In August, Northwest Environmental Advocates filed a petition with the Oregon Environmental
Quality Commission (a board that makes rules for the Department of Environmental Quality
(DEQ)). DEQ is taking public comment on whether to grant the petition – until September 18th.
Write the DEQ and urge them to grant NWEA’s petition.
When and How
Public Hearing in Portland, Wednesday, Sept. 12th from 4:30-6:30 at DEQ headquarters, 811 S.W. 6th Ave., 10th Floor.
Public Comments due Tuesday, Sept. 18th (6 PM) to firstname.lastname@example.org or Attn: Debra Sturdevant, DEQ, 811 S.W. 6th Ave., Portland, OR 97204.
Why Should Oregon Restrict Pesticides?
For many years, environmental organizations in Oregon and Washington have sued federal agencies under the Endangered Species Act (ESA) to make sure that the use of the most dangerous pesticides would not jeopardize the existence of threatened and endangered salmon and steelhead. The National Marine Fisheries Service (NMFS) is responsible for protecting these fish. NMFS has found that certain pesticides will jeopardize these species and has issued a list of restrictions that are necessary to protect them. But NMFS is not a regulatory agency and it cannot actually restrict pesticide use.
The Environmental Protection Agency (EPA) is the regulatory agency in charge of actually restricting pesticides. But EPA refuses to implement the restrictions that are necessary to protect salmon and steelhead.
That leaves the State of Oregon. Oregon is not legally bound by the Endangered Species Act so it has chosen to completely ignore the restrictions to protect salmon and steelhead.
Why is This Just About Salmon?
It’s not just about salmon! Pesticides are poisons that affect people, fish, and wildlife. Many pesticides are endocrine disruptors which have effects on people and wildlife such as: birth defects, cancer, learning disabilities, masculization of females, feminization of males, deformation of reproductive organs, reduced fertility, and altered thyroid functions. For example, the Atrazine sprayed on Oregon forests is known to chemically castrate male frogs and turn 10 percent of them into females. NWEA’s petition specifically addresses rapidly declining populations of frogs, salamanders, and turtles in Oregon.
The petition is also about the health and safety of people. Pesticides, such as 2,4-D and Atrazine, are widely sprayed by timber companies and are showing up in the urine of Oregonians in the Triangle Lake area near Eugene. Atrazine is banned in the European Union because it causes breast and prostate cancer. Protecting salmon and frogs will help protect people.
What Does the Petition Request?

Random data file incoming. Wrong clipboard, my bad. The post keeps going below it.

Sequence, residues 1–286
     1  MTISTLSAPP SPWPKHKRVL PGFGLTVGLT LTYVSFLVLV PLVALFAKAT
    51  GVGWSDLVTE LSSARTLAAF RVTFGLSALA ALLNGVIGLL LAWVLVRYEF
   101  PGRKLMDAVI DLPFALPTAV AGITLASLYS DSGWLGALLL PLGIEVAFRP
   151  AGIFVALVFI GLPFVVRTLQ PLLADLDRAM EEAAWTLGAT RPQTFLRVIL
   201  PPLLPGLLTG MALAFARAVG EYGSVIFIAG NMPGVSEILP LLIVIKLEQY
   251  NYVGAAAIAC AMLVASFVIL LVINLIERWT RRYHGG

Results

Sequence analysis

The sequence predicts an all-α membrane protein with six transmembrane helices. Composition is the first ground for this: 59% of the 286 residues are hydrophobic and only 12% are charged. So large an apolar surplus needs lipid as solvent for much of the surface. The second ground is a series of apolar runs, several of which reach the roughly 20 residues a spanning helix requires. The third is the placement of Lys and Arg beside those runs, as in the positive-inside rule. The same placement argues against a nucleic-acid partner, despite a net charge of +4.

The petition asks the Commission to:
• to incorporate into Oregon’s water quality rules the restrictions established by the National Marine Fisheries Service (NMFS) to protect threatened and endangered salmon and steelhead;
• to amend its Clean Water Act permit that allows companies to discharge pesticides to
incorporate restrictions established by NMFS needed to protect salmon and steelhead;
• to petition the Oregon Department of Agriculture to:
• adopt rules that incorporate the restrictions established by NMFS to protect salmon and steelhead
• to restrict sales of pesticides, change pesticide labels, and provide warning information to pesticide users;
• to petition the Oregon Department of Forestry to amend its rules to incorporate restrictions established by NMFS to protect salmon and steelhead.
How Can Oregon Avoid the Endangered Species Act?
Here’s an example of how Oregon has avoided the restrictions needed to protect salmon and steelhead. Last year the U.S. EPA issued a Clean Water Act permit called the Pesticide General Permit that allows companies to spray pesticides into lakes and over trees and clear-cuts. Because EPA is a federal agency it had to obtain the advice of the National Marine Fisheries Service (NMFS). NMFS said that spraying pesticides in waters used by salmon and steelehead would jeopardize those species. So EPA restricted how companies could spray under its permit.
But here’s the glitch. EPA’s permit only applies to waters on tribal lands in Oregon! Companies that want to spray pesticides in other Oregon waters are covered by a separate Clean Water Act permit issued by Oregon DEQ. As a state agency, Oregon DEQ is not required by law to obtain or follow the advice of NMFS. So Oregon DEQ completely ignored the requirements that are needed to protect salmon and steelhead from pesticide spraying. And EPA allowed it.